This posture strengthens the abdomen, ankles, thighs, and spine. In addition, it stretches the hamstrings, calves, shoulders and chest while improving coordination. When in a balancing pose like this, the brain lights up like fireworks, improving mental clarity.

Liquid Bliss Yoga Studio in long beach island new jersey

background-13The ocean is a source of revitalizing energy. Constantly in motion, waves of pure energy travel miles upon miles to reach the shore. These waves of energy are absorbed into the body and mind when surfing, resulting in many health benefits.

Surfing is great cardiovascular exercise, using mostly upper body muscles to paddle and leg muscles to guide the board. Once you pop up, leg muscles engage to steer the board and maintain balance. But the health benefits of surfing aren’t just physical. There are also the mental benefits. Surf stoke reduces stress, and often translates to a more laid back attitude. Surfers are always playing in the ocean and this play helps you stay young.
Ocean air also contains negatively charged hydrogen ions that help absorb oxygen and balance out serotonin levels, resulting in more energy and diminished depression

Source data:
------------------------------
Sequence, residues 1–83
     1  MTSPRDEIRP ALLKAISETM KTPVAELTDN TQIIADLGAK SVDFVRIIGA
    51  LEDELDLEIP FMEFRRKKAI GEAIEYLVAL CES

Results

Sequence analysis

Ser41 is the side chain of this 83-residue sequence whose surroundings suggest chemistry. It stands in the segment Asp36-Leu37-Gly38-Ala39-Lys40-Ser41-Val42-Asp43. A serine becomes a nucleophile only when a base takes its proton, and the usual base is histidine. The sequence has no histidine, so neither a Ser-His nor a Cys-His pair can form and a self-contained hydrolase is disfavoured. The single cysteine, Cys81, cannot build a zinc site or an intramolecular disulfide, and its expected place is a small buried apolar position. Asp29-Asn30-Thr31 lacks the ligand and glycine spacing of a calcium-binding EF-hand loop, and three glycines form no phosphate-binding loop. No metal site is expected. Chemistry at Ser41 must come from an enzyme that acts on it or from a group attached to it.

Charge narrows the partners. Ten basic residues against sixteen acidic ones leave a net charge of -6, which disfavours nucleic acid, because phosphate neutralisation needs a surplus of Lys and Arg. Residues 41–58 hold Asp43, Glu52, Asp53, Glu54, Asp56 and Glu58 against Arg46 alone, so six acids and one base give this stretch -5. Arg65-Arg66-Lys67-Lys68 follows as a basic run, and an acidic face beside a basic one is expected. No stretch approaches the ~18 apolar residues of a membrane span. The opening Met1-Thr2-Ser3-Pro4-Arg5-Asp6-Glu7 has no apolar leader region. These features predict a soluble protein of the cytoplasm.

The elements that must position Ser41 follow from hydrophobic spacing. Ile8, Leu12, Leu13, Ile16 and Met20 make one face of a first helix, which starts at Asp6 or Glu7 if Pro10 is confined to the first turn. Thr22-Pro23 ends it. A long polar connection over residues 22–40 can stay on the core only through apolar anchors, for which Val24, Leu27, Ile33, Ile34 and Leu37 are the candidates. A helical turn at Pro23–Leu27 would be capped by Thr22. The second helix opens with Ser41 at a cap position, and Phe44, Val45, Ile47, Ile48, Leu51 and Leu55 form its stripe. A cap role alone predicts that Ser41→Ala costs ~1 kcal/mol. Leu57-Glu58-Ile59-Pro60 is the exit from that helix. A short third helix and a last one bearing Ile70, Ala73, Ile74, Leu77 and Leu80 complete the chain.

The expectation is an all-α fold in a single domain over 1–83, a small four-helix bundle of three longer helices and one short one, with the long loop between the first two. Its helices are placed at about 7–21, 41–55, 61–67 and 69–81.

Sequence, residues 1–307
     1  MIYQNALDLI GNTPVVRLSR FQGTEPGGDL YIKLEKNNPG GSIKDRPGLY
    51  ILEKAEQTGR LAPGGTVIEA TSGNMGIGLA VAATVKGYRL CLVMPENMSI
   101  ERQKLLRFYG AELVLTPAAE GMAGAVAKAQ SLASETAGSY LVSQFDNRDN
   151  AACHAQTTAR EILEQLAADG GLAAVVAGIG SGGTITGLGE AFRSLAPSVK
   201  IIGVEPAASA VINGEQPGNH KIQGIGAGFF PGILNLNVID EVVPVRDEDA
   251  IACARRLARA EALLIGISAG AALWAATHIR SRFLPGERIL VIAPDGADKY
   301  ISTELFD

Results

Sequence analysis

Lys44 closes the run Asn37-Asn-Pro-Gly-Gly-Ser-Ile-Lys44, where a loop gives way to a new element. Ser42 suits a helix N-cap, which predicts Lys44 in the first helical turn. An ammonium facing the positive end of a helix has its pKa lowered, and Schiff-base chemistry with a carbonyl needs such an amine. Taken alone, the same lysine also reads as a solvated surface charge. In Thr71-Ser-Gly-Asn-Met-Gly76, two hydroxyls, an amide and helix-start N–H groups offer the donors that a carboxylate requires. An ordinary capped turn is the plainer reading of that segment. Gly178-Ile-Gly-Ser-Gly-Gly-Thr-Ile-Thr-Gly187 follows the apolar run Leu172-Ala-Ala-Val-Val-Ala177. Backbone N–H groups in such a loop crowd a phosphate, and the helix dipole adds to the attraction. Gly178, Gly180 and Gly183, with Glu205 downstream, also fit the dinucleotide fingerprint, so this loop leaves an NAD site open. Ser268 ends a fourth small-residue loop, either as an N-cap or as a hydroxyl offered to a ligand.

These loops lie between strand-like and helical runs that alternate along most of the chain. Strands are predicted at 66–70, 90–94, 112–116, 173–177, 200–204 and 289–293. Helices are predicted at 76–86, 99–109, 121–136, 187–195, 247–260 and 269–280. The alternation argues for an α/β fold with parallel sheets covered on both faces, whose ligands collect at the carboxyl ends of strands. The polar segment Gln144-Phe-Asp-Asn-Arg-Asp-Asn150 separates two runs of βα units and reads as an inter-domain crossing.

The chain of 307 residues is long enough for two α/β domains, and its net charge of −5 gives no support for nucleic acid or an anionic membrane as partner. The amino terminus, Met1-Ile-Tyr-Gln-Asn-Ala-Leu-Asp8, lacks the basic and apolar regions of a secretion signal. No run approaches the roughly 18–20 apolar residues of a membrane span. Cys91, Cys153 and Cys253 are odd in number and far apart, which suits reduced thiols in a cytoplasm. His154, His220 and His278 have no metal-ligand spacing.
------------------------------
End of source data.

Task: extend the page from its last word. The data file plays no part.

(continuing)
The benefits of surfing are numerous:

  • Promotes cardiovascular and heart health
  • Increases muscle Tone
  • Increases endurance
  • Increases Energy
  • Strengthens back muscles
  • Strengthens core muscles
  • Strengthens shoulders
  • Strengthens leg muscles
  • Reduce stress
  • Diminish depression
Liquid Bliss Yoga Studio in long beach island new jersey

background-3There are two things that I love – being in, on or near salt water and yoga. And with summer approaching, it is the perfect time to marry these two loves with stand-up paddleboard (SUP) yoga.

Now, let’s pause here for a second and address all you doubters that said, “I have a hard time doing yoga on solid ground, let alone a floating board.” Fear not my yogis, SUP yoga is much more than just yoga. It’s believing and pushing yourself to find out what you are truly capable of doing! It’s opening your senses to the natural world that surrounds you and embracing it’s beauty. It’s surrendering to something much larger and more powerful than yourself. It’s learning how to let go of control and laugh at the little things.